Are the Running Surfaces You’re Training on Increasing Your Injury Risk?

July 29, 2016

When it comes to running injuries, it can often feel that running is a science. There are so many factors that contribute to major running obstacles and setbacks. Training can sometimes feel like a game of Jenga. Everything has to be just right … shoes, balanced muscle strength, training volume, intensity, nutrition … to ensure our body doesn’t start to ache, nag and fall apart on us before we reach the start line of a goal race.

Are the running surfaces you train on increasing your risk of injury? answers this question.

Did you know that the running surfaces you’re training on can impact your injury risk? The ideal running surfaces are firm, smooth and flat, offering some level of shock-absorption. However, we rarely get to run on the perfect running surfaces. City and neighborhood streets and sidewalks weren’t paved with runners in mind. Most of us spend the majority of our miles on asphalt roads or concrete sidewalks. These are rigid running surfaces that require us to wear shock-absorbing shoes to minimize the impact.

Here are some things to keep in mind when choosing the right running surfaces for you to prevent injury.

Choosing the Right Running Surfaces

  • Soft, smooth track: A cinder or rubberized track is one of the best running surfaces because it is least likely to aggravate biomechanical injuries. Consider running on a track for shorter runs and speed workouts. The drawbacks are, of course, that running around a 400-meter loop can be extremely monotonous. This is especially true if you’re running long distances. You should change direction frequently on a track to reduce mechanical problems, which isn’t always possible when runners are moving in a counter-clockwise direction.
  • Treadmill: Although many runners dread the hamster wheel, most treadmills provide state-of-the-art cushioning and an ideal surface for running. If you can stand the monotony of running in place, this can be a great surface to give your body a break, especially in the severest summer and winter months. Pull out your tunes or watch a TV show/movie to keep your brain stimulated.
  • Artificial turf: Unless you’re running 100-meter sprints on the infield of a track or on a football field, it is tough to find continuous artificial turf that provides enough distance to adequately run. Consider this for running strides before or after a run where possible.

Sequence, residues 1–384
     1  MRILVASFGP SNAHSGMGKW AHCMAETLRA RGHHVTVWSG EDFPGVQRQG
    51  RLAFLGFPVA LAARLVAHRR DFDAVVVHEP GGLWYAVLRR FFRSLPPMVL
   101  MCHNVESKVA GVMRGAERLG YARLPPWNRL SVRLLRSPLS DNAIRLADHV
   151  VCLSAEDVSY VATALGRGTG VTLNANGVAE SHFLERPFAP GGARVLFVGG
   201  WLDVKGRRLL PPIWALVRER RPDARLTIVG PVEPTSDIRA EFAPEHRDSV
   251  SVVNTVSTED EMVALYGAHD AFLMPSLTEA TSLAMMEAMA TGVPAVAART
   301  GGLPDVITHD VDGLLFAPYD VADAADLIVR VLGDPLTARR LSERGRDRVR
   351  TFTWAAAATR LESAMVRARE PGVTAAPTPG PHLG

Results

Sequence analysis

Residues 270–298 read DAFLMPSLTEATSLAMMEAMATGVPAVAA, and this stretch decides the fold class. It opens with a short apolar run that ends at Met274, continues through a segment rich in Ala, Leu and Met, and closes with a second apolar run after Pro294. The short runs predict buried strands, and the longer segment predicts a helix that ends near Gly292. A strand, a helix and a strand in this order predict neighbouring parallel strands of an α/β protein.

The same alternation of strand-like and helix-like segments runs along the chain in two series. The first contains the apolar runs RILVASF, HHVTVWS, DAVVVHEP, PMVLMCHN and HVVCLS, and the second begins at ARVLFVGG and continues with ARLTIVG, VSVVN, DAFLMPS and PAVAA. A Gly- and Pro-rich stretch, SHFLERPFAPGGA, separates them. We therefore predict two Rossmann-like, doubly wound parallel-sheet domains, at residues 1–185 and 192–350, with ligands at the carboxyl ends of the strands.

• Smooth dirt trail: A smooth dirt trail is a great option for running with reasonable cushioning, especially for longer distances. Find a trail that is mostly free of ruts, holes and large rocks.
  • Grass: Running on grass provides good cushioning, but beware of uneven grass where holes or dips could be hiding and pose a potential risk. The best grass to run on is flat, thin and smooth.
  • Asphalt street/path or concrete sidewalk: This is where the majority of us tend to run most frequently. Because of the hard, rigid surface, we must rely more heavily on a good pair of running shoes to absorb the shock to our legs and bodies. Beware of sloped or banked surfaces when running on streets and sidewalks. It’s not likely you encounter a run without seeing running surfaces that slant. These banked (or slanted) surfaces will cause one foot to pronate (turn in) and one foot to supinate (turn out) while putting stress on the knees. This can lead to injury over time, so be mindful of avoiding banked edges and slopes where possible.
  • Hard sand/beach: Similar to asphalt and concrete, beaches often have slanted or banked surfaces that can aggravate your biomechanics. If and when you do run on the beach, be sure to wear shoes to avoid stepping on a sharp shell or rock that you may not be able to see hiding in the sand. Trail shoes are often helpful when running in the sand.
  • Water: Aqua jogging is a great way to maintain your body’s conditioning if and when you are injured. Because you don’t have gravity on your side, it can be harder than road running, but it provides a good alternative to your joints and muscles.

I am a certified marathon coach through the North American Academy of Sport Fitness Professionals (NAASFP). The information contained in this post is sourced from NASSFP teachings and materials.

What running surfaces do you train on most often? Have you ever had an injury arise due to the surface you were running on?